Gov. Jeb Bush says he’s adjusting to entering private life after eight years in the public eye.
“And so now I show up as a regular guy and try to get furniture orders to come and they don’t quite have it the way that I would have organized it, and I gotta keep my mouth shut,” he said.
In a wide-ranging farewell interview, Bush talked what he has learned as governor.
“I’ve learned to have more patience,” he said.
His biggest regret is that he didn’t communicate better when he tried to end affirmative action with his One Florida initiative.
“We didn’t continue to work it to make sure people saw the benefits of this.”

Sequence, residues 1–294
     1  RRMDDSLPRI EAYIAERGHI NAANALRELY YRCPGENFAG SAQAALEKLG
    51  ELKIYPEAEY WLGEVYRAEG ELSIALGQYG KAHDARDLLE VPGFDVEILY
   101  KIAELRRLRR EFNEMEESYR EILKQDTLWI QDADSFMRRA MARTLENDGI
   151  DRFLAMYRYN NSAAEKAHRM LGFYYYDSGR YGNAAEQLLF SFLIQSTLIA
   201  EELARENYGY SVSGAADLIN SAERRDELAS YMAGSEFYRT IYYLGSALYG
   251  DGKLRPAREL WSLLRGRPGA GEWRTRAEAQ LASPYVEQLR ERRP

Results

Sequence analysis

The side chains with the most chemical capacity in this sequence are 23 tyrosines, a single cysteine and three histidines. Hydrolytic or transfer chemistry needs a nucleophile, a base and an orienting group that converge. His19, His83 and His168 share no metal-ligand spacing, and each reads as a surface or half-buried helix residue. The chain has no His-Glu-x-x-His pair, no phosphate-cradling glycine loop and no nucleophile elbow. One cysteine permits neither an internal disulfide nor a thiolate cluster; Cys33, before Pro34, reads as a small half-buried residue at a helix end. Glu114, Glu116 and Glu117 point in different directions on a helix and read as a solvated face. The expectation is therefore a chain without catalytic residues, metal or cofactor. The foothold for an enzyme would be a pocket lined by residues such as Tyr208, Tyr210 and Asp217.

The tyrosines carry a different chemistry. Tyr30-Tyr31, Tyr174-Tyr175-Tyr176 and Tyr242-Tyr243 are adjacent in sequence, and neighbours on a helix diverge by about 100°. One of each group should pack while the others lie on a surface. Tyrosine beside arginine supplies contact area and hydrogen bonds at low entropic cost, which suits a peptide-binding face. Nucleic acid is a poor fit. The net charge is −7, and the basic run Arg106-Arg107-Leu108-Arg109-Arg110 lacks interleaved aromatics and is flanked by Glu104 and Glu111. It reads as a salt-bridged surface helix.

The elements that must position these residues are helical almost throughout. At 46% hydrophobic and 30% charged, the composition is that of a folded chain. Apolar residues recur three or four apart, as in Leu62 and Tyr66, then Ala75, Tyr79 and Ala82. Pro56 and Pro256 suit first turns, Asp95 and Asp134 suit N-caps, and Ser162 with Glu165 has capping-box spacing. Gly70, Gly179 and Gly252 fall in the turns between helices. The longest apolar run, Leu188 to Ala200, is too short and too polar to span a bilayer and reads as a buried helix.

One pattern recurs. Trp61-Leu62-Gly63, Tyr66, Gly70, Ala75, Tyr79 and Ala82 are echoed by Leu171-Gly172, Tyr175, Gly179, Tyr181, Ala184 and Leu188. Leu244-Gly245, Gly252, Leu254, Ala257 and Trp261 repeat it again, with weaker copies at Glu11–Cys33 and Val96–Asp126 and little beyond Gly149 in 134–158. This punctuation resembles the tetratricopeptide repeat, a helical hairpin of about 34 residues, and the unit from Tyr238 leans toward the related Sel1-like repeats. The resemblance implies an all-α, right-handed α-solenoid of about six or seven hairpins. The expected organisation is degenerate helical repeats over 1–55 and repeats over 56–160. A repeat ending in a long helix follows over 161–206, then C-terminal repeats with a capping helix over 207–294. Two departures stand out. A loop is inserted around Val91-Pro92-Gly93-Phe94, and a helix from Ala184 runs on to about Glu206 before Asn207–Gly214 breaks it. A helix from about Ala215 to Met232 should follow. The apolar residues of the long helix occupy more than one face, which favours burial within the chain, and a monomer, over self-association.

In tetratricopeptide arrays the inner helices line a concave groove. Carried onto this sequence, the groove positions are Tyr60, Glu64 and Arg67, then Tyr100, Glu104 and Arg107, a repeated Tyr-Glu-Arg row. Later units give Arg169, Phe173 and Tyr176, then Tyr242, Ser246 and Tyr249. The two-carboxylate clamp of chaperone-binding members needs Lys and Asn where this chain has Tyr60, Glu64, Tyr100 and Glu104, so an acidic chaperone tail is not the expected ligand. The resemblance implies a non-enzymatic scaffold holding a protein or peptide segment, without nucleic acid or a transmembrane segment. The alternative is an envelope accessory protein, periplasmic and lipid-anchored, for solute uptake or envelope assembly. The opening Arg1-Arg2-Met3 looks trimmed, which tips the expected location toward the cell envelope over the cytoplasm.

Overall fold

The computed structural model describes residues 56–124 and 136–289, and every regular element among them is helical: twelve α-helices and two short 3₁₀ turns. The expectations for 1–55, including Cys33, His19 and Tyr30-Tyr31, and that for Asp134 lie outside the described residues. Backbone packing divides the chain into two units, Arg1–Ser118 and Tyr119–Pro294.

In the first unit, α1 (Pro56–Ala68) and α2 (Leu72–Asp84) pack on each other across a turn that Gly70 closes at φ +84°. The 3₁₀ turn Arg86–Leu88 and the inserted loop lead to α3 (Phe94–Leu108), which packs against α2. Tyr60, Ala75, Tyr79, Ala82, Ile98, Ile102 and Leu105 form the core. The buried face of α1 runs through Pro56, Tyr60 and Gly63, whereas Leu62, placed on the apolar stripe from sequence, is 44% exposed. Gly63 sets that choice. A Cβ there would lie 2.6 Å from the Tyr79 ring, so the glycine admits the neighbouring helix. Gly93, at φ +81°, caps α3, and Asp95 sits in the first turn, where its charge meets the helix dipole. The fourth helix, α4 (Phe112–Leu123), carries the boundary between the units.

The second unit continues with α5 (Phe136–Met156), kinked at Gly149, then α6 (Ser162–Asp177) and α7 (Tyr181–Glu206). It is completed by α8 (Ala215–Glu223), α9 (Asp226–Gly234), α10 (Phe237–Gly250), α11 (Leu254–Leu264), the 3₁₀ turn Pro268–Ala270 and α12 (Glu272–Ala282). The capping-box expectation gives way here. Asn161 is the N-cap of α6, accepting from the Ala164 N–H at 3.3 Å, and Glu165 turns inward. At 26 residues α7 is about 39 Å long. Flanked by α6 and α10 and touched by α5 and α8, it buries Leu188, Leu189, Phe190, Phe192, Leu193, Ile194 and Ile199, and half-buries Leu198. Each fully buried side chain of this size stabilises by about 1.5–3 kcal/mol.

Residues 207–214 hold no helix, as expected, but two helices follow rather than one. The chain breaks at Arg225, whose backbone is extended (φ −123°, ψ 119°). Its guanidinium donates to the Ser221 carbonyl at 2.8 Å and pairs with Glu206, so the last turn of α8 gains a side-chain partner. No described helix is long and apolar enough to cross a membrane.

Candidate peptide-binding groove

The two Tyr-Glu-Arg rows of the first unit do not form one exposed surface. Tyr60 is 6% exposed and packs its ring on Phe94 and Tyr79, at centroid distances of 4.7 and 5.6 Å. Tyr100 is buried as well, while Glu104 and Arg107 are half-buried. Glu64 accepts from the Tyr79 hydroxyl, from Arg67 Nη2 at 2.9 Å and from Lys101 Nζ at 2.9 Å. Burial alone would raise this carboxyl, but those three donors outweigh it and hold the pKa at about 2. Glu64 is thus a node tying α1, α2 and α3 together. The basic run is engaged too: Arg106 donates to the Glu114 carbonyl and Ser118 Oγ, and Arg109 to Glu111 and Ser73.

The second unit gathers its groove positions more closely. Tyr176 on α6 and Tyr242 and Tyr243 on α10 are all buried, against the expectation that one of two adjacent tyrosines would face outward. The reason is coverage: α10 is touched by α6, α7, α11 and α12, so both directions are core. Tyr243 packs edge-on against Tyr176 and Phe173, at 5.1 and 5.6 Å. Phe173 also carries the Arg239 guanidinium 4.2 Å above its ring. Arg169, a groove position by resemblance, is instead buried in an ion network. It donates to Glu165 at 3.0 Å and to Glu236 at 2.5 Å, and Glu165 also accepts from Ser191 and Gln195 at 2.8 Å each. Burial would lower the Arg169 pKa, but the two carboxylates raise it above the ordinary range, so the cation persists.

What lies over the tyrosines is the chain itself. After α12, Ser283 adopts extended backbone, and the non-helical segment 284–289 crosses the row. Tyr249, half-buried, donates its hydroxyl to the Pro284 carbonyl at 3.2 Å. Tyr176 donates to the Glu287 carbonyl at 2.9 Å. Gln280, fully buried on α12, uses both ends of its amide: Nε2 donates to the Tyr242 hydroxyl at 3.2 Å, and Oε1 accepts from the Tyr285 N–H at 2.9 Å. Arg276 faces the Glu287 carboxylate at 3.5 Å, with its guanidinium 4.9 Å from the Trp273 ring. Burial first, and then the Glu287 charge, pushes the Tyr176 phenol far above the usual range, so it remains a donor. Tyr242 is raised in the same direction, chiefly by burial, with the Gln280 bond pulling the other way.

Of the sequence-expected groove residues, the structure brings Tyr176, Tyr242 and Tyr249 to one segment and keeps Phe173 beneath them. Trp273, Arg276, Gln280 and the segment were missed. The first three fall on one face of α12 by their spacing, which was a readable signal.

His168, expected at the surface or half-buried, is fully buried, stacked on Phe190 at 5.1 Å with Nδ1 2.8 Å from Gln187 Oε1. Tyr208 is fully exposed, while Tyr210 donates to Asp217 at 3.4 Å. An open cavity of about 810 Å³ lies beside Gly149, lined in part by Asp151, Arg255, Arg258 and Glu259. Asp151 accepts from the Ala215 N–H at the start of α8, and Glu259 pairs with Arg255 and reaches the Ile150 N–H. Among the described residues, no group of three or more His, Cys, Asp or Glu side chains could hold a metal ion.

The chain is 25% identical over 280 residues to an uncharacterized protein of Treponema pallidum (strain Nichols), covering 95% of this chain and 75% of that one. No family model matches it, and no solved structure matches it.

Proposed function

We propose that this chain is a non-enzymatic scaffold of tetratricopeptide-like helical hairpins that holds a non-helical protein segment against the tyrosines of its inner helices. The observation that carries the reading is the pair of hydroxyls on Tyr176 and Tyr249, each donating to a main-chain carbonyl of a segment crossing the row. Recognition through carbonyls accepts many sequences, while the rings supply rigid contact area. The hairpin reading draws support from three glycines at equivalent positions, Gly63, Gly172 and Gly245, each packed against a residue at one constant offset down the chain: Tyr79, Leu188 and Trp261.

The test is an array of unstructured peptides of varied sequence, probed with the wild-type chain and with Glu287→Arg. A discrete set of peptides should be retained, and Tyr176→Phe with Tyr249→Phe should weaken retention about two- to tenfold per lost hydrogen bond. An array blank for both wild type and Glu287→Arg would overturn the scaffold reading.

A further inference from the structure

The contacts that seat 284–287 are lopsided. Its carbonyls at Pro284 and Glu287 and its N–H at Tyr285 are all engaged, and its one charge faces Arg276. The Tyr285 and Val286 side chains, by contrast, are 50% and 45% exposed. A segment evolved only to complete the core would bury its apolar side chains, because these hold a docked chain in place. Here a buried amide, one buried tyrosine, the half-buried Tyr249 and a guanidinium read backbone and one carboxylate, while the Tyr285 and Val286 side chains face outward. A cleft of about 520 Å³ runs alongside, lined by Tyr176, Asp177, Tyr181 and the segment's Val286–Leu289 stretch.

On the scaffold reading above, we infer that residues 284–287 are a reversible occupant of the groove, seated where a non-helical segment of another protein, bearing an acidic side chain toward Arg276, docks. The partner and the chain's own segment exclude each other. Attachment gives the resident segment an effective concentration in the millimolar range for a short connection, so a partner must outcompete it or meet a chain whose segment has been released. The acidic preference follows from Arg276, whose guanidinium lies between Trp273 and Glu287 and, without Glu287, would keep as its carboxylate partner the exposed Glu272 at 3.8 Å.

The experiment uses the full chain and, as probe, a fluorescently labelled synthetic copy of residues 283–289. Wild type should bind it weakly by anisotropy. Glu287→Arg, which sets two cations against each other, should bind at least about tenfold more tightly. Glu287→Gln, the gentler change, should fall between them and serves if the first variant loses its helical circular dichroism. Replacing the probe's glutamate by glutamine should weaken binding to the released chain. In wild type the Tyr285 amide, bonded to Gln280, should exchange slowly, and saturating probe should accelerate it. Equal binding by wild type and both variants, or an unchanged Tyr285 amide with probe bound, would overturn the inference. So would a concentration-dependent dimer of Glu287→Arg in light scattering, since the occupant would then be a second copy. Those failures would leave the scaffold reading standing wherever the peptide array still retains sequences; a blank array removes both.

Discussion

Gov. Jeb Bush called the 2000 election an out-of-body experience, and says having to deal with the aftermath of 9/11 was one of his biggest surprises.
“You have to mobilize the resources and people towards these great challenges and it makes the job very, very rewarding."
Gov. Jeb Bush says he’ll wake up January 3 with nothing on the agenda and that he’ll take his time figuring out what the next phase of his life will be. He continues to say running for president or U.S. senator are not on his agenda, but he does leave the door open to something bigger.
“And I don’t know what it will be, but I hope to be remembered by a larger body of experiences than what I’ve had so far.”
And when it comes to being an ex-governor, Bush is promising to stay on the sidelines and out of Charlie Crist’s hair.
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